Larry Hornbeck spent nearly two decades developing a revolutionary technology that has, in recent years, begun to offer consumers the chance to enjoy some of the most sophisticated digital imagery ever available. The invention, known as DMD, or the digital micromirror device, is at the core of a system called DLP®, or Digital Light Processing, from Texas Instruments. DLP has brought crystal clear digital images to hundreds of local movie theaters via digital projection systems and to thousands of homes via high-definition television sets. The technology has, in many ways, reset the bar for the visual quality of motion pictures and television programming.

Illuminated Nut Driver

When Kristin Ann Hrabar was just nine years old, she had a simple idea for a device that solved a common problem. Her father asked her to hold a flashlight over a tight space that he was working in while he fixed a household item with a screwdriver. She thought this would have been a lot easier for both of them if the tool had a light source of its own. That’s when she began working on the illuminated nut driver, which she turned into a successful project for her third grade science fair.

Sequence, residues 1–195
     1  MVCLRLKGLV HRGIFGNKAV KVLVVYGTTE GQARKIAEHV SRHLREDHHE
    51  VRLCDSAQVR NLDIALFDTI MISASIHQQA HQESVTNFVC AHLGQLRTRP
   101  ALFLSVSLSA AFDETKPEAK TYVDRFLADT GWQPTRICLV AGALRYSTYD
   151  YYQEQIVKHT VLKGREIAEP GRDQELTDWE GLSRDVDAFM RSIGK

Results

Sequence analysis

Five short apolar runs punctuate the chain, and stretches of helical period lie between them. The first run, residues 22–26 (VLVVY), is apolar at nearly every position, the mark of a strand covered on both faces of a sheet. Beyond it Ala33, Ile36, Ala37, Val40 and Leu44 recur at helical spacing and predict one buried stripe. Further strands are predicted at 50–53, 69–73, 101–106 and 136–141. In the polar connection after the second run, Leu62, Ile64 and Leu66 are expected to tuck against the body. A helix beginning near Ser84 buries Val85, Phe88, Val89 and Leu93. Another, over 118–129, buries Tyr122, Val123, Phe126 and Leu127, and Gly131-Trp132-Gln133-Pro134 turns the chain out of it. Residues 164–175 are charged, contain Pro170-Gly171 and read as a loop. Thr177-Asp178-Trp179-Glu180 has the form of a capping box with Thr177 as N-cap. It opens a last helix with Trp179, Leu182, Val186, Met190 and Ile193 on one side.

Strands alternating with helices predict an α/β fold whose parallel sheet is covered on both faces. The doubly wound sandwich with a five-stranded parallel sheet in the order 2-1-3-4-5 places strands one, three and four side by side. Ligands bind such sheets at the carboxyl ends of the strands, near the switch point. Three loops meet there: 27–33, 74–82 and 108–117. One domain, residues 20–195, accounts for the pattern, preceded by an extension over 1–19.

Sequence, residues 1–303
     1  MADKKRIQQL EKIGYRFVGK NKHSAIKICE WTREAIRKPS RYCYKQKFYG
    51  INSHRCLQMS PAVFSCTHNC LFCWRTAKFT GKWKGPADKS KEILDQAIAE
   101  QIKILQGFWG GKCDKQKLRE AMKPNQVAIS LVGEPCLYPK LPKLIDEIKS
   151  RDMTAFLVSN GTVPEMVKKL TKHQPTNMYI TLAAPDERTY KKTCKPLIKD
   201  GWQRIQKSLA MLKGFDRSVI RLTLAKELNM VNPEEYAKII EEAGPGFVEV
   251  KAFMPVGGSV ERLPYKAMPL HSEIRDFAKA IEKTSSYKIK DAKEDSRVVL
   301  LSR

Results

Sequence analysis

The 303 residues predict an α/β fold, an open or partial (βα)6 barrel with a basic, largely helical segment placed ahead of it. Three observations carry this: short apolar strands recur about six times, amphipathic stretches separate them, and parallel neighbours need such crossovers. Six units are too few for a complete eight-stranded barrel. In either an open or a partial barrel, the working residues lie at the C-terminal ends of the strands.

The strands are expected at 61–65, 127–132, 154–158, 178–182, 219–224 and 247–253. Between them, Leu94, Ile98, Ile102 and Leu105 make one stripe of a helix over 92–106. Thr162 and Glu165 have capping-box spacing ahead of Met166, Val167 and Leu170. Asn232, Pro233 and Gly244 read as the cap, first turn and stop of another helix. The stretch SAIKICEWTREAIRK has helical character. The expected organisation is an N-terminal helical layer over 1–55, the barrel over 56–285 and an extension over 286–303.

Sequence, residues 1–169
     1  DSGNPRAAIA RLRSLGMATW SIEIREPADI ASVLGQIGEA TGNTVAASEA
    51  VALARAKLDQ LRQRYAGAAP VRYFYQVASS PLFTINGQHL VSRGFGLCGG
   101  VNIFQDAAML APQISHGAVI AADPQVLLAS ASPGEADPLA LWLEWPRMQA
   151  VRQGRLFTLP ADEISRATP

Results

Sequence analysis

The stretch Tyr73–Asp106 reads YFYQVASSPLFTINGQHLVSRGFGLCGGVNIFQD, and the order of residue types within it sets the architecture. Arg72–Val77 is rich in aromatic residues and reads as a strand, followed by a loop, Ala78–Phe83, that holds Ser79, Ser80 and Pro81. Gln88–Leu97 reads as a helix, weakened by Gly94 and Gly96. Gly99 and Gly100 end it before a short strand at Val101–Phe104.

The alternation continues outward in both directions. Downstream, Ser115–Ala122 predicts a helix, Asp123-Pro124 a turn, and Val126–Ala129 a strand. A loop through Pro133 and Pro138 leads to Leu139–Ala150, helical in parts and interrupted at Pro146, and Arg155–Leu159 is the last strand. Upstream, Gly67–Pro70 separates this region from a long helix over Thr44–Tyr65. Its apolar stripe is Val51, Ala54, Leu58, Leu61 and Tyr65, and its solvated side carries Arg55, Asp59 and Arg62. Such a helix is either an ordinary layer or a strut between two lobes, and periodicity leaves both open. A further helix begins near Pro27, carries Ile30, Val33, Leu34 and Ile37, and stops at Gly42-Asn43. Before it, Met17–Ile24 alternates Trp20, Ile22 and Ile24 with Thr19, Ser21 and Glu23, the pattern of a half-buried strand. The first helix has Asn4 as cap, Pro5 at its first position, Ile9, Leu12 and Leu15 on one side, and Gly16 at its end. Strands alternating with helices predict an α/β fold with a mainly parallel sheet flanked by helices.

"Pick-and-place” Nano-Assembly Machine

Brian Hubert says he never goes to sleep without a pen and notebook by his nightstand so that he can record ideas for new inventions. He obviously had the right idea. In March 2001, he had two patents with three pending and was chosen as the 2001 recipient of the $30,000 Lemelson-MIT Student Prize for his invention.

Microphone


David Edward Hughes was born in London, England in 1831. His family was musically talented – he, his sister, and his two brothers were considered prodigies, and the family performed together around the world. In 1838, the Hughes family emigrated to the United States.
 

Safety Pin

Mechanic and independent inventor Walter Hunt secured a place in American history when he invented the useful, everyday device known as the safety pin in 1849.

Silica

Chemist James Franklin Hyde, the “Father of Silicones,” is credited with launching the silicone industry in the 1930s after he developed a method of creating silica, an ultra-pure form of glass.